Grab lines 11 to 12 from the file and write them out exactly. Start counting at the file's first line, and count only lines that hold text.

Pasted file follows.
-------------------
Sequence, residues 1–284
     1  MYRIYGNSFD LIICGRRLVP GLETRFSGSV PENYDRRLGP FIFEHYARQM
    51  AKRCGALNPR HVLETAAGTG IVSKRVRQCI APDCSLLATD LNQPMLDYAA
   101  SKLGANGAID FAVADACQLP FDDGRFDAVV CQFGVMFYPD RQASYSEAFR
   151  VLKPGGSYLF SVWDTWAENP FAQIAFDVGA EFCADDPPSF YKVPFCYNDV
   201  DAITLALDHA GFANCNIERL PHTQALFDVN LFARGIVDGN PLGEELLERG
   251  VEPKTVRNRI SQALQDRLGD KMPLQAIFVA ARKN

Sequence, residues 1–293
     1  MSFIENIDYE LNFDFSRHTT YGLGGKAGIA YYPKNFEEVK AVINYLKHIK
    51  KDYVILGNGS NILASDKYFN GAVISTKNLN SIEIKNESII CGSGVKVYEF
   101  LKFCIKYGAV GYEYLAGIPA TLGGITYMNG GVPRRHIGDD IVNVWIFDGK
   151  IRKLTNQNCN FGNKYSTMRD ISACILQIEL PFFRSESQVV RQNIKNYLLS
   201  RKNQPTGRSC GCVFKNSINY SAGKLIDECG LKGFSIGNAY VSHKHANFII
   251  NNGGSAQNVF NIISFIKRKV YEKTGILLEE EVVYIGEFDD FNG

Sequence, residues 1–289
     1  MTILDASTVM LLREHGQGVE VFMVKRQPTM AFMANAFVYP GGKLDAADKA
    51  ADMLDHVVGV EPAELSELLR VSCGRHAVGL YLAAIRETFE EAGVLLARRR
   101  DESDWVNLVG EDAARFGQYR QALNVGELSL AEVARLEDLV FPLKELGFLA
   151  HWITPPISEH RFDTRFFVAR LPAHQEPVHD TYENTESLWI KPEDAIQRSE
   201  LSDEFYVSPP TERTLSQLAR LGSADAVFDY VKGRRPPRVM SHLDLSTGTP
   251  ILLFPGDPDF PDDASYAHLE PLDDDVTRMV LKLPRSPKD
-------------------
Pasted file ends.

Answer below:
   101  LKFCIKYGAV GYEYLAGIPA TLGGITYMNG GVPRRHIGDD IVNVWIFDGK
   151  IRKLTNQNCN FGNKYSTMRD ISACILQIEL PFFRSESQVV RQNIKNYLLS